Being Beautiful Is A Mind Game
From picking partners to choosing political leanings to hiring employees, there is unfortunately enough research that supports our bias towards those who are good-looking. Our appearance is particularly powerful because it makes the first impression. The traditional yardsticks of beauty are symmetry of facial and body structure; full hair and smooth skin; square jawlines on men and smaller chins on women. According to research by Harvard Medical School, people assess one another’s competence in a quarter of a second based solely on how one looks.
However, there are a number of reasons not to take these findings at ‘face’ value. Attractiveness is a state of mind — Anyone has the power to look good if he or she can feel it on the inside! Your face is an extension of your personality, and how you want to project it to the world is totally in your hands. Getting it right is about accepting yourself. Model Padma Lakshmi underwent many painful treatments to lighten the deep scar on her arm in her younger years. But now she wears it with pride. ‘I will not remove it even if a doctor could wave a magic wand and delete it from my arm. The scar has singled me out and made me who I am.’ When people are constantly looking to improve their body image, they lose perspective and it results in insecurities and unhappiness. “To love others we must first accept and love ourselves and embrace perceptions which go deeper than skin,” says counselling psychologist and artist Heikham Radhika Gupta. Actor Uma Thurman as a kid wasn’t thought to be ‘pretty’ because of her large nose and mouth, but that didn’t stop her from pursuing a career based on her so-called gawky looks. Julia Roberts, who was once considered too tall for a girl and with a jaw that was too broad, is now best known for her winning smile. ‘Your face tells a story and it shouldn’t be about the drive to your doctor’s office,’ she said in an interview about ageing with grace. Similarly, Sandra Bullock famously said, ‘I have made peace with the fact that the things that I thought were weaknesses or flaws are just me. I like them.’
“Beauty is not about being perfect, it is about revelling in your imperfections and being comfortable with them, this is achieved when you know how to groom yourself as well highlighting your best features,” says Samantha Kochhar, managing director, Blossom Kochhar Group of Companies, who is also a trained make-up artist and hairstylist. Till the time you continue applying a lighter foundation in a bid to appear fairer, it will be a disaster. Miracles happen when you look at the colours and brushes not as a means to hide your flaws or reach your ideal of beauty but to celebrate your inner spirit. A red lipstick fails to make a statement if not worn with conviction, just as pale-toned lips are not delicately subtle if they don’t sync with your bold persona. “While it’s fun to experiment, stick to what suits your face and personality. The only one you want to look like is you, not the celebrity on screen or the blogger on Instagram,” says celebrity make-up expert Mickey Contractor.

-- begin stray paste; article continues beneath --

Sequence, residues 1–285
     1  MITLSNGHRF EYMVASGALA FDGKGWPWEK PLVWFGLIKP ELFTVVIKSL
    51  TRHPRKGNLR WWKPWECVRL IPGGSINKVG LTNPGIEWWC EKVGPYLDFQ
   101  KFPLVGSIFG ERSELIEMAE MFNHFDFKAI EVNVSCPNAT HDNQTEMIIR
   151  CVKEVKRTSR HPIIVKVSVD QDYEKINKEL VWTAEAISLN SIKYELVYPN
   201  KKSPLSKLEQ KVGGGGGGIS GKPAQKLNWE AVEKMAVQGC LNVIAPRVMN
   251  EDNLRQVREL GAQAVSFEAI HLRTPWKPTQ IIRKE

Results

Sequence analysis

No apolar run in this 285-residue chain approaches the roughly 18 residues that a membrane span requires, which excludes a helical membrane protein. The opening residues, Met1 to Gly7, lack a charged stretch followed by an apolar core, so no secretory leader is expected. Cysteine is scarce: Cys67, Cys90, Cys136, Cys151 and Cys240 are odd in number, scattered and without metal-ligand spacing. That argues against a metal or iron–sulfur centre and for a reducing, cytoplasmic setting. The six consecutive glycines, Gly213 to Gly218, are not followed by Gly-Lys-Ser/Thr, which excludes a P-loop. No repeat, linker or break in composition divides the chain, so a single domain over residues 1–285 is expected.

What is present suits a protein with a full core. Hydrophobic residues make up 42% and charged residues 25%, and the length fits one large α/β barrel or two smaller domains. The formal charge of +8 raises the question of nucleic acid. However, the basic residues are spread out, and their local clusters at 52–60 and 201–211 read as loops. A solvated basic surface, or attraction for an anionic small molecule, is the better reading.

Jacqueline Bourbon, a spiritual healer and transformational teacher who has worked with many celebrities, feels that real beauty has to be cultivated. “If you rely on your looks rather than your personality or intelligence, it can be very depressing and a profound shock to you when you lose them. You are not responsible for what other people think of you, so you can do nothing about whether someone, say, prefers blue eyes instead or brown, or fat instead of thin (or vice versa!). Every culture has its own idea of beauty and somewhere in the world someone else will find you beautiful.” It’s also a fact that if you feel good about yourself, you automatically emit a charisma that makes you irresistible. Once you accept that you are beautiful the way you are, this self-assurance forces others to view you in the same vein. Good posture, with shoulders relaxed, and direct eye contact gets you more attention. When you look at certain people, you don’t notice their wrinkles or grey hairs because their inner confidence is so alluring. As Audrey Hepburn aptly observed, ‘Happy girls are the prettiest.’
Being comfortable in your skin is being unapologetically yourself —whether it is flaunting your freckles or acing make-up techniques to enhance your features. It’s rising beyond the labels of demure or glamorous, modest or flamboyant and just embracing yourself. The bottom line is: if you believe you are beautiful, others will too. Because beauty doesn’t lie in the eyes of the beholder, only in your own!
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